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Bolton Society Symposia: 2005 March

Named for Henry Carrington Bolton, the Bolton Society encourages and promotes the individual love for and collection of all types of printed material devoted to chemistry and related sciences.

Landmark Chemistry Books of the 20th Century: A Symposium in Honor of the Fifth Anniversary of the Bolton Society

Organizer, Presiding: James J. Bohning

Collecting classics in science / Ronald K. Smeltzer

Landmark discoveries and events in science during the twentieth century were documented by forms of publication such as technical monographs, serial issues, authors' separates, conference proceedings, dissertations and theses, institutional reports, and classified documents. Examples from among these many types of documents will be described to illustrate their significance and the question of whether or not the topic of this symposium will be relevant for the twenty-first century will be considered

Linus Pauling, The Nature of the Chemical Bond / Carmen J. Giunta

The Nature of the Chemical Bond (1939) is surely one of the most influential of Linus Pauling's many influential publications. The book is a creative and lucid synthesis of quantum mechanics and chemical concepts of bonding by a scientist steeped in both fields. An important reason for the book's influence is that it made results from the abstract world of quantum mechanics relevant to practicing chemists and chemistry students. The basis of the book in a series of papers Pauling published in the early 1930s will be examined. Several examples of the book's influence on the practice of chemistry and on chemical education will be traced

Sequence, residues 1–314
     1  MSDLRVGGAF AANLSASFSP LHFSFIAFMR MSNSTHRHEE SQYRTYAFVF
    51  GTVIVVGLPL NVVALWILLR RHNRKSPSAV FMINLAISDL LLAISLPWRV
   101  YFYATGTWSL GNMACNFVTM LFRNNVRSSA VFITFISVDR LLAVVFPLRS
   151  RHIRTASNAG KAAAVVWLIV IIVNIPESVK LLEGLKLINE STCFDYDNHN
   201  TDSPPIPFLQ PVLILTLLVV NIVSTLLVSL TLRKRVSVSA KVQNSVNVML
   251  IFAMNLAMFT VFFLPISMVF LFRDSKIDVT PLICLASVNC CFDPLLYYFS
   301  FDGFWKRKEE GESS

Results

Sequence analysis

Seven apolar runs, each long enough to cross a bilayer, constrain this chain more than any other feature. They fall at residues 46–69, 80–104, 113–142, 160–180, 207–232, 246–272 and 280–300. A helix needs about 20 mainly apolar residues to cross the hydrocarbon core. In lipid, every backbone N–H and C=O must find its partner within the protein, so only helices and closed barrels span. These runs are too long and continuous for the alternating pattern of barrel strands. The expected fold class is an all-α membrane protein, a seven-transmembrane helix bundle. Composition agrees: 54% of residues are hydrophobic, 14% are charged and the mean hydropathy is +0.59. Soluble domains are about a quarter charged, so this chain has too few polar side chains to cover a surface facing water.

Sienko and Plane: The first modern chemistry text / James L. Ealy Jr.

Many modern chemistry texts still follow the basic format of Sienko and Plane. This text, with its straight forward and practical approach to first year chemistry caused more than a few students to reconsider chemistry as a major. However, for many of us, this text opened the door to our future. Especially interesting were the many levels of problems located at the end of each chapter. Many faculty, now about to retire, bought this text for their first year chemistry class and in 6 or 7 years used it in their own first and subsequent years of teaching freshman chemistry

Two books that launched a discipline / F. Bartow Culp

Whence arises a new chemical discipline? How does a new field of study first organize itself, and then continue to grow? In the case of “chemical literature”, as it was then called, we can establish its birth as occurring in the first quarter of the 20th century. The first book to treat chemical literature as a separate topic of study was a slim volume self-published in 1919 by Marion Sparks, the Chemistry Librarian at the University of Illinois. However, the most influential text in this field appeared a few years later in 1924. “Chemical Publications, their Nature and Use”, by M. G. Mellon, would go through five editions over 60 years, and track the development of the field from "Olsen's Chemical Annual" to structure-searchable online databases. We will present an account of these books and how they mirrored the changes in the field they helped to create

G. N. Lewis and the quantification of 20th century chemical thermodynamics: A tribute to the text "Thermodynamics and the Free Energy of Chemical Substances" by G. N. Lewis and M. Randall / William B. Jensen